All PC levels and abilities are considered magical (even the martial power source). If a 3rd level Warlord leaves Caldera for a day or two, he'll start losing levels until he's a regular joe with some combat-oriented feats.

    The collective consciousness of the city spawns all kinds of interesting things. It creates the plane of nightmare from which terrible monsters enter the city. I thought of this stuff before I saw Inception, but let that movie guide my thinking a little, too.

    The cultural part of the setting is heavily influenced by my readings of the Roman Republic--especially the "SPQR" series of ancient Roman detective novels by John Maddox Roberts. Toss in a dash of flavor from the Iranian class system and liberally season with ideas from cyberpunk, and that's Caldera.
  • Hey, don't apologise, it's all in good fun. I like what you're doing with this.
  • Can you run through any reflective surface or just mirrors? As I understand it, high quality glass mirrors were actually quite rare in ancient times. If mirrorunning is an analog to VR/Net, then the reflective quality of the surface you run through could be the analog to the quality of your tech gear.
  • Posted By: DanielSolisCan you run through any reflective surface or just mirrors? As I understand it, high quality glass mirrors were actually quite rare in ancient times. If mirrorunning is an analog to VR/Net, then the reflective quality of the surface you run through could be the analog to the quality of your tech gear.
    That'd be sweet!

    Then stepping back into reality might take a DC10 skill check if you entered through a clean mirror (allowing the "take 10" rule).
    Stepping back if you entered through an imperfect mirror or another highly-reflective surface might take DC15.
    If you entered through simple glass, maybe DC20 or a skill challenge.

    And of course... failing to step back through the mirror means that you face a higher-level mirrorworld encounter. Perhaps with some kind of weird, symbolic mirror-logic monster.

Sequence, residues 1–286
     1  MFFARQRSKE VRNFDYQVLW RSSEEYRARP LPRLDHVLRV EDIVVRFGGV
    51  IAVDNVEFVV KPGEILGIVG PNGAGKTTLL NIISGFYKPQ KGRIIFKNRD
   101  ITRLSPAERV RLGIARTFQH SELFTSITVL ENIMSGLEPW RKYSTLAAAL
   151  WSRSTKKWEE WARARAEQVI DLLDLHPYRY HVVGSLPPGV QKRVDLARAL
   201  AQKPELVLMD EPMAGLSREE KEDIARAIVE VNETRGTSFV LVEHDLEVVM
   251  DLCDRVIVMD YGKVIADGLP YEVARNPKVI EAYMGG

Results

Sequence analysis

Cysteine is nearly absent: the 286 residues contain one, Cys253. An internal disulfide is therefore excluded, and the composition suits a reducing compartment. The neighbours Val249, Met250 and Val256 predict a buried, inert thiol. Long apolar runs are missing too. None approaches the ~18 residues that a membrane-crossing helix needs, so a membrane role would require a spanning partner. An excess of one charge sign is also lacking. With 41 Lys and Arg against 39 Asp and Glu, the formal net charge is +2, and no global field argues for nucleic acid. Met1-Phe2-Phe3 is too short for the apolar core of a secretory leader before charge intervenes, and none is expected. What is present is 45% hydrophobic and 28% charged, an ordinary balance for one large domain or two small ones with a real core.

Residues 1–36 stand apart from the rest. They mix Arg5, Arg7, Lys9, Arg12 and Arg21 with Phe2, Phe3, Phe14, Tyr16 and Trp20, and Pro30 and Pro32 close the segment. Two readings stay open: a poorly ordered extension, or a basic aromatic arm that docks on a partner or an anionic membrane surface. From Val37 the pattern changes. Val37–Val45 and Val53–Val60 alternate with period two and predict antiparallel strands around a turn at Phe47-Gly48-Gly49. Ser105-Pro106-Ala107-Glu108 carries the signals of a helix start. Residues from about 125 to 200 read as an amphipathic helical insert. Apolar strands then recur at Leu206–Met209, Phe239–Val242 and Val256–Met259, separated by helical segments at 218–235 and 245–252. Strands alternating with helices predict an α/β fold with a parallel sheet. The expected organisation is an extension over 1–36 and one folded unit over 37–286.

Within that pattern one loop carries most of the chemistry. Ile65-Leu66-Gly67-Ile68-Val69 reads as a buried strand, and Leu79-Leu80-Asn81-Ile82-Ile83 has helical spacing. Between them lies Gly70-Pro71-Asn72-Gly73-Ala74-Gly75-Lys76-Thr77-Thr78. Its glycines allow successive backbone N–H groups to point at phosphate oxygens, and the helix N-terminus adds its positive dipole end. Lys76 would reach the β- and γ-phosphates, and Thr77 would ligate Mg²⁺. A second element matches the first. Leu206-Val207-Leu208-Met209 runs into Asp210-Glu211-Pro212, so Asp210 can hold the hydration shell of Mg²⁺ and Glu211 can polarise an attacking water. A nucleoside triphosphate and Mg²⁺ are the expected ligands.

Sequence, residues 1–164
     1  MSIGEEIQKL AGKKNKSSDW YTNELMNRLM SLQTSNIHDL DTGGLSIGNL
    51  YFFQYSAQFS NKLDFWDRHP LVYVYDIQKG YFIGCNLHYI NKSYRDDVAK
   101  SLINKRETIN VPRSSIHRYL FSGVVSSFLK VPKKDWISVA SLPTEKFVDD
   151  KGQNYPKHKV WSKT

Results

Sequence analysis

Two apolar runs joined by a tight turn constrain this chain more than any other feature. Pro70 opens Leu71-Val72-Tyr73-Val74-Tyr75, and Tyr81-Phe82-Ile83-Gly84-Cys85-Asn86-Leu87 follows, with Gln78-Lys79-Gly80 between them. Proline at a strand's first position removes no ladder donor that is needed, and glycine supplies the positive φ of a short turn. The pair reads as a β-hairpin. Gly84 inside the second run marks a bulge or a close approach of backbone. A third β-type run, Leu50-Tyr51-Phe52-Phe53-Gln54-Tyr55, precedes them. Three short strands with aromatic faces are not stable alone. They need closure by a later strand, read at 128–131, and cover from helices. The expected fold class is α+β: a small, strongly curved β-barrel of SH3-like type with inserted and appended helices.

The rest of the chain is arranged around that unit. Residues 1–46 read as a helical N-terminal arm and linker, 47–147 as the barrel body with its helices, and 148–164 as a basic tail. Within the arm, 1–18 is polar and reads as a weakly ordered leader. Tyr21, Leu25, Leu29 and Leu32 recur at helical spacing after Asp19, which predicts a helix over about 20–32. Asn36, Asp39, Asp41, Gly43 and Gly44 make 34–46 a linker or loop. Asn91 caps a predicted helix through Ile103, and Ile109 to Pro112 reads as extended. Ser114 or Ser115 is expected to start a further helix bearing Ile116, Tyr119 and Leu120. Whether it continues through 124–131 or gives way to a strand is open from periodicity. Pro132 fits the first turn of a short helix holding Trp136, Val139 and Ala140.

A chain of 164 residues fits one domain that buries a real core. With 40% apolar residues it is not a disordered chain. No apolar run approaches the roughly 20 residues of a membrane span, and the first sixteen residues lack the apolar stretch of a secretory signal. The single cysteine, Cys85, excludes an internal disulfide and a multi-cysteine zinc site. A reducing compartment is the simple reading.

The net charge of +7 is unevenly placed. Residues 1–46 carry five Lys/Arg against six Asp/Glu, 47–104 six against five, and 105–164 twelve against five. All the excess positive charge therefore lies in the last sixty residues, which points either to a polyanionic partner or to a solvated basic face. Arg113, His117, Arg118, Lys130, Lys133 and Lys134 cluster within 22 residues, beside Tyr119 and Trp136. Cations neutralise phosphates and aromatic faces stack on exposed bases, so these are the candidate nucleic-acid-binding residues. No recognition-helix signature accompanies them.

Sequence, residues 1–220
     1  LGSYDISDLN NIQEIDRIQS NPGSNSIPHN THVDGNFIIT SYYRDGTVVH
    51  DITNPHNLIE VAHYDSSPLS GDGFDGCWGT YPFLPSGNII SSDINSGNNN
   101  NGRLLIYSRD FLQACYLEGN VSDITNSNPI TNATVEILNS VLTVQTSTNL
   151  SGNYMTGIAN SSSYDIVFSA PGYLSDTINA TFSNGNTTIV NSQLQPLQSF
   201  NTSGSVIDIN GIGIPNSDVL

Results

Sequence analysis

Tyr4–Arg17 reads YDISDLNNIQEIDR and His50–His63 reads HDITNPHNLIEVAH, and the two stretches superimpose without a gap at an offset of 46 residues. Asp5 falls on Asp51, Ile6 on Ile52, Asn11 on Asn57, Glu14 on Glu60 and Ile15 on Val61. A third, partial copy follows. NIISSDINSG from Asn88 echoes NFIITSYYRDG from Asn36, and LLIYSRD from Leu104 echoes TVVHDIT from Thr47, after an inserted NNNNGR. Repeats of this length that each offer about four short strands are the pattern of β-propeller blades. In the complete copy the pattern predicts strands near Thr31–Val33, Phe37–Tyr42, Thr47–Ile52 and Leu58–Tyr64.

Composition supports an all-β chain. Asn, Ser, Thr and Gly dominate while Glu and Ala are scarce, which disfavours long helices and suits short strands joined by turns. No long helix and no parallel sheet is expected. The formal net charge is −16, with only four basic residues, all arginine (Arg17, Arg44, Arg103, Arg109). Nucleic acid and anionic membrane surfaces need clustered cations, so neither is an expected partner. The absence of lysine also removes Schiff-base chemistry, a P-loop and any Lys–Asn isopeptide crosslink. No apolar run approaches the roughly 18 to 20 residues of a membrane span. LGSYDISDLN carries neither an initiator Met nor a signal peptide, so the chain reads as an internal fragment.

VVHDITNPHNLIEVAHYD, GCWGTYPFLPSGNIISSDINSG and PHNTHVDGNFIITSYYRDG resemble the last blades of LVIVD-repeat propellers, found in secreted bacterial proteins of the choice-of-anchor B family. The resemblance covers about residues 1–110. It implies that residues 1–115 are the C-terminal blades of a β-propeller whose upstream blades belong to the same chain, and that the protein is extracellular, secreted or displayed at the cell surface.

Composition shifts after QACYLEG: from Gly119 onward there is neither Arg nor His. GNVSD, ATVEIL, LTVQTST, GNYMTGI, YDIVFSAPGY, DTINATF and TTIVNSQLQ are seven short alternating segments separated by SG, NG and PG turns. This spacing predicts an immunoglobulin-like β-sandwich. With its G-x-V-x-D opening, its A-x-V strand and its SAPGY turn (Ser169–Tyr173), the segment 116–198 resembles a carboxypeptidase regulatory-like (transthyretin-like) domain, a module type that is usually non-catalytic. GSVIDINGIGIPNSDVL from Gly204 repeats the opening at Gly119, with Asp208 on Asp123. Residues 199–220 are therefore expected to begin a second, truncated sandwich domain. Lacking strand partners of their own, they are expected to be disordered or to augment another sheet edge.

• Posted By: DanielSolisCan you run through any reflective surface or just mirrors? As I understand it, high quality glass mirrors were actually quite rare in ancient times. If mirrorunning is an analog to VR/Net, then the reflective quality of the surface you run through could be the analog to the quality of your tech gear.
    Mirror tech in Caldera is pretty good, and not historically accurate. I defy you to put a real world analog date on typical D&D, anyway. You're right though: historically, silver-backed glass mirrors of quality were very difficult to make. The secrets to them were guarded with people's lives.

    You can run through any reflective surface. The quality of the mirror does matter, but I haven't figured out what mechanics it influences. I hate to splash a "-1 on all actions" thing on the game.

    I don't want to make it hard for people to return to reality without it being a plot hook. It won't normally require a skill check to get back, though you will have to find your portal of entry. It's not like you can just shut off your modem, cuz you don't have one.
  • That's cool, I wasn't really using history as a reference point for D&D, but a potential source of interesting choices. I have these visions of runners being chased through alleys, then jumping into shallow oily puddles as a desperate entrance into the mirror world. One of those "it'll have to do" moments.